Norway is in crisis in the field of science, and physics in particular is in crisis. Across the country, physics teachers have reported a decline in students choosing full immersion in physics, and many schools are now struggling to keep students well presented in the subject.
In many places, the subject of physics has been replaced by a regional online course or self-study. This has disastrous consequences for all of us, as a failure of physical knowledge in the population affects our chances of implementing the green transition and the required energy transition.
Here’s why: The green transition depends on us having the right energy and technology to take advantage of that access. Physics is an essential subject for anyone who wants to advance existing technology and develop new technology, especially in the field of renewable energy.
In order to implement the green transition, we need knowledge of solar cells, wind energy and electricity – physics is the basis for all this.
If employment in a school’s physics subject is weakened, for example by removing high school science credits as suggested by the admissions committee, employment in physics-based studies will be further weakened. This applies, for example, to IT studies and civil engineering, industries in which we know that there is already a great shortage of experience and the need will only increase in the future.
The failure of recruitment in physics in schools will then lead to the entire technological development on which the green transition depends, such as solar cells, offshore wind, electric cars, making light sources more efficient, etc., and stops in Norway.
It cannot be the conscience of a physics teacher that will ensure the future efficiency of Norway’s green transition.
And then we will be reduced to technology users, and we will not participate in the creation of technological value so that the green transition will be, in short, “what we will live on after oil.”
In an era when scientific knowledge is scarce, and where more and more future challenges will be solved technically, the subject of physics has to sell itself. Instead, physics teachers across the country find themselves spending a lot of time getting competent students to choose a physics major.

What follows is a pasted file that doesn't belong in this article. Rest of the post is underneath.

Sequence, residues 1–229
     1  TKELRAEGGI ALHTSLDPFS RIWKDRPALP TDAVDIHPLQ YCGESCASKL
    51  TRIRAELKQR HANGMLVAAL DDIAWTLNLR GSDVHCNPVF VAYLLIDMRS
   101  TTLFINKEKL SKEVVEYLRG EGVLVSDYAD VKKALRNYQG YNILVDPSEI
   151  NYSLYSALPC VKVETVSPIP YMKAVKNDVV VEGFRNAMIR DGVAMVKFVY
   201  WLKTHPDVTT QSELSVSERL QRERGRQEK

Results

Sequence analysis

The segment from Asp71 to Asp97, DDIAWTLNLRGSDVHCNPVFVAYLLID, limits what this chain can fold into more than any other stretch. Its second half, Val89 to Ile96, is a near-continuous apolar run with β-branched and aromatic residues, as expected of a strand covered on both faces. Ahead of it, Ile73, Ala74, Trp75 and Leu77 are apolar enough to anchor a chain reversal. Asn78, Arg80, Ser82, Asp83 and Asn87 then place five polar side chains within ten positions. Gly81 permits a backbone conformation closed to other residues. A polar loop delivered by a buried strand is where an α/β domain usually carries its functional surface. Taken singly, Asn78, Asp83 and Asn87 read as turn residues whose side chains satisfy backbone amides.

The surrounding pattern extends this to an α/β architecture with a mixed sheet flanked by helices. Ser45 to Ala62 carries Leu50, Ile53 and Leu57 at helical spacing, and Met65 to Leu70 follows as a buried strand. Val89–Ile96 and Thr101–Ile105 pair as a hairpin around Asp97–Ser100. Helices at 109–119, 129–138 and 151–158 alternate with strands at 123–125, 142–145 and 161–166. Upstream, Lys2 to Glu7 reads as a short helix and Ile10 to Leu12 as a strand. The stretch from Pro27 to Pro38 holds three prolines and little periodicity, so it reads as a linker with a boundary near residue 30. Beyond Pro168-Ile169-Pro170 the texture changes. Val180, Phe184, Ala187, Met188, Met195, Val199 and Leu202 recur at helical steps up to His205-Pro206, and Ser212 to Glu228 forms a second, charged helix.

“No studies require it” or “It’s hard to get a good grade” students say when a physics teacher asks if they should continue with physics into their last year of high school. This subject is one of the most labor-intensive, and if it weren’t for the fact that you can be seduced with full science credit, the flow in this subject would have declined significantly, and physics as a school subject would have been marginalized for a long time.
If we want students to take up this discipline which is essential to the education of technical and natural sciences, they must see themselves as beneficiaries of it. We have two suggestions for how to do this:
- To avoid students not withdrawing from demanding subjects Academic credits should be maintained and possibly increased In the most difficult and labor-intensive scientific subjects.
- Admission requirements for civil engineering studies It should be strengthened to also include Physics 2 It is an in-depth study of physics in the last year of high school. This is often the level that lecturers expect. With the artificially high score limits for today’s most popular civil engineering studies, it should be possible to demand a tightening of the academic content from high school for these applicants.
We are now caught in a vicious circle: studies that should require full immersion in physics dare not demand it because so few students choose it, while students choose the subject away, because no studies require it.
We are asking for help from the authorities in recruitment for the subject of Physics. It cannot be the conscience of a physics teacher that will ensure the future efficiency of Norway’s green transition.
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